After Friday, myki will be the only ticket in town.
Melbourne's public transport ticket Metcard will be relegated to the history books to make way for the new $1.35 billion myki smartcard system.
Metcard sales on trams and buses and Metcard use on trains, trams and buses ends on Friday, with myki the only ticket that can be used from the first service on Saturday.
This means commuters will need a myki card before boarding and there will be no top-up facilities on trams.
Cards can be topped up online, at a myki retail outlet or 7-Eleven, at a Premium Station ticket office or at a myki machine, found at all Metro train stations and some tram stops and bus interchanges.
Meanwhile, the Public Transport Users Association has welcomed the reintroduction of paper tickets as an alternative to myki on Mornington Peninsula buses.
The paper ticket will only be available to seniors card holders on routes 787 and 788.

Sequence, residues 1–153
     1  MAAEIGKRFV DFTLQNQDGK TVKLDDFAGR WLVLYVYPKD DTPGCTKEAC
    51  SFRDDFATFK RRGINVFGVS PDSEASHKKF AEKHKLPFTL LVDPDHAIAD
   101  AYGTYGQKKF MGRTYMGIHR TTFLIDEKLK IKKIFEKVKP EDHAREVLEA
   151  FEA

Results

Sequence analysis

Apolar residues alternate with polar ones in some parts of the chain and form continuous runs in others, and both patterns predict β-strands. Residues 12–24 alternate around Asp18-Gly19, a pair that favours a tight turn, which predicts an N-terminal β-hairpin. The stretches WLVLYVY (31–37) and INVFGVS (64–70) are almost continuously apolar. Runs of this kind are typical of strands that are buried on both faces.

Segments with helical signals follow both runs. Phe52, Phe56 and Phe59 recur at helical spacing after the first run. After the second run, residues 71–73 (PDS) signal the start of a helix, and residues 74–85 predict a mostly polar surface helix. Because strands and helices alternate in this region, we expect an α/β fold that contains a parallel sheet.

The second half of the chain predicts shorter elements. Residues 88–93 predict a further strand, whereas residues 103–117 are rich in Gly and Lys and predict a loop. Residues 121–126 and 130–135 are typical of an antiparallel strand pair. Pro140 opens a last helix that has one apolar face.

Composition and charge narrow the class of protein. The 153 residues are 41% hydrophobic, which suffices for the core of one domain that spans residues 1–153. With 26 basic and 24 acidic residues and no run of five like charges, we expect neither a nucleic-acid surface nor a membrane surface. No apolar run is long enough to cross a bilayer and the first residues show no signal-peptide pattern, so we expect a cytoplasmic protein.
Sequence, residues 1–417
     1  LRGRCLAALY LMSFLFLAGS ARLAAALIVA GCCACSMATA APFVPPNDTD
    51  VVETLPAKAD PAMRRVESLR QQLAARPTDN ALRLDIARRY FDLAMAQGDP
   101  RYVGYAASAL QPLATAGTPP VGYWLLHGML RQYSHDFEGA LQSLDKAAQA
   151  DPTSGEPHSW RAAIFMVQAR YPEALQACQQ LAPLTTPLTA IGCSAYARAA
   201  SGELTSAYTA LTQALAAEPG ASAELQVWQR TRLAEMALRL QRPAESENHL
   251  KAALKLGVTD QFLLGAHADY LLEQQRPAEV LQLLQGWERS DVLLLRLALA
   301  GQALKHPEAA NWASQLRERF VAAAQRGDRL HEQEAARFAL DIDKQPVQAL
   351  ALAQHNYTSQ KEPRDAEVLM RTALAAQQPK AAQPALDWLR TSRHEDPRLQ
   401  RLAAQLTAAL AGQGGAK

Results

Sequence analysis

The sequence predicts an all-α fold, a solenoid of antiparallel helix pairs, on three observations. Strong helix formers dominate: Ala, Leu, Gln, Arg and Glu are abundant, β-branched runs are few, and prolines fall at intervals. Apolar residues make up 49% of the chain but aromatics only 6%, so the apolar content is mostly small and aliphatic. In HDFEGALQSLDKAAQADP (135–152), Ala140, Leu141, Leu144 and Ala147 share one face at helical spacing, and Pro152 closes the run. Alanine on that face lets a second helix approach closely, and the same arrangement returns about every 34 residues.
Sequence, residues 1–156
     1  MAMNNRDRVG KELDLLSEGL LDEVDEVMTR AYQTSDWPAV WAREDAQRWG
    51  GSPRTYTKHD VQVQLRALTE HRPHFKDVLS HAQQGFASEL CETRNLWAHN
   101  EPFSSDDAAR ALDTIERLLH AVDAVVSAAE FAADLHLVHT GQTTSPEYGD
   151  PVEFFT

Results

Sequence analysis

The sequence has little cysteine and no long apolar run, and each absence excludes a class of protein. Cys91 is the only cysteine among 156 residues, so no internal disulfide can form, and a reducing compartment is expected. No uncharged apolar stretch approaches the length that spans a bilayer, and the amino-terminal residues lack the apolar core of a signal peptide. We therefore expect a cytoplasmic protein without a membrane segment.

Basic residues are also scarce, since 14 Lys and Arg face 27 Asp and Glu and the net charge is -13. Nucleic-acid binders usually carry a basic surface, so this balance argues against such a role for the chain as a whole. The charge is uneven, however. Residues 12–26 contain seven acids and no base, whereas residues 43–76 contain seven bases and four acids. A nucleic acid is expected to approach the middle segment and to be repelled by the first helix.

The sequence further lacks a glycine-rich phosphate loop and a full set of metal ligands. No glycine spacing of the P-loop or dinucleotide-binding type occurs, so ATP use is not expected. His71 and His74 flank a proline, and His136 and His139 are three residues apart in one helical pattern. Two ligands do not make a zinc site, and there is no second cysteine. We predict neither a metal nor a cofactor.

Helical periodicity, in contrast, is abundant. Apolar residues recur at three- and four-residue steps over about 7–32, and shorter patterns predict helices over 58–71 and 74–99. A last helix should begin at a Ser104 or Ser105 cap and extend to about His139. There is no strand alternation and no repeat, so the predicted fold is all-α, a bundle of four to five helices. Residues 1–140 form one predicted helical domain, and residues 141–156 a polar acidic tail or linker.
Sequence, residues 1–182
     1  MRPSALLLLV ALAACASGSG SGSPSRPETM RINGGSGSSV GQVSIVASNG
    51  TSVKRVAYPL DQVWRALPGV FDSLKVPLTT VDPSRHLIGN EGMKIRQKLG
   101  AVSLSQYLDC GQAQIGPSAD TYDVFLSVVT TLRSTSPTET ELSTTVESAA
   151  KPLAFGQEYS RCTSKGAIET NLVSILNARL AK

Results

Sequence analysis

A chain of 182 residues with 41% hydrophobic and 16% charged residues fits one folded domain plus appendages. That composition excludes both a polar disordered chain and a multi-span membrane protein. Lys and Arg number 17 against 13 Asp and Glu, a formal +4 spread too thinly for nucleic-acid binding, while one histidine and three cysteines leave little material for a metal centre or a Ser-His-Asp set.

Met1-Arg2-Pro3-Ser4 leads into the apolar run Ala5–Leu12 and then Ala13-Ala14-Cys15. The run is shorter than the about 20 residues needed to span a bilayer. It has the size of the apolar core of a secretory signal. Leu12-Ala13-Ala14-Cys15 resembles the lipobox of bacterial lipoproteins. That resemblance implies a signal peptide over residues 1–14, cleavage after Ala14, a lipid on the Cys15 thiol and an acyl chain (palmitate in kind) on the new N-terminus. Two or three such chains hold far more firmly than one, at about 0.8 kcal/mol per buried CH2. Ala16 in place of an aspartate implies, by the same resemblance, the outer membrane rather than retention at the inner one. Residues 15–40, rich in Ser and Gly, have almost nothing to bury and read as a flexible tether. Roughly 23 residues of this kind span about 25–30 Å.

Their introduction comes after it emerged the seniors daily fare covering that region would no longer be available under myki, forcing commuters to pay between $5.42 and $9.02 for a day's travel compared to the current $3.80.
The seniors ticket, which can be bought from the bus driver, is valid for one day's travel on the peninsula and in metropolitan Melbourne.
Public Transport Users Association president Tony Morton said the paper seniors ticket is "proof positive" that paper tickets can be made to work alongside myki and that two-hour and daily short-term tickets should be retained.
"Given the system can accommodate this option, it should be made available to occasional travellers, visitors and tourists who neither want nor need to pay $6 for a myki card that won't be used again for months," he said.
Regional centres such as Geelong will receive myki in the first half of next year.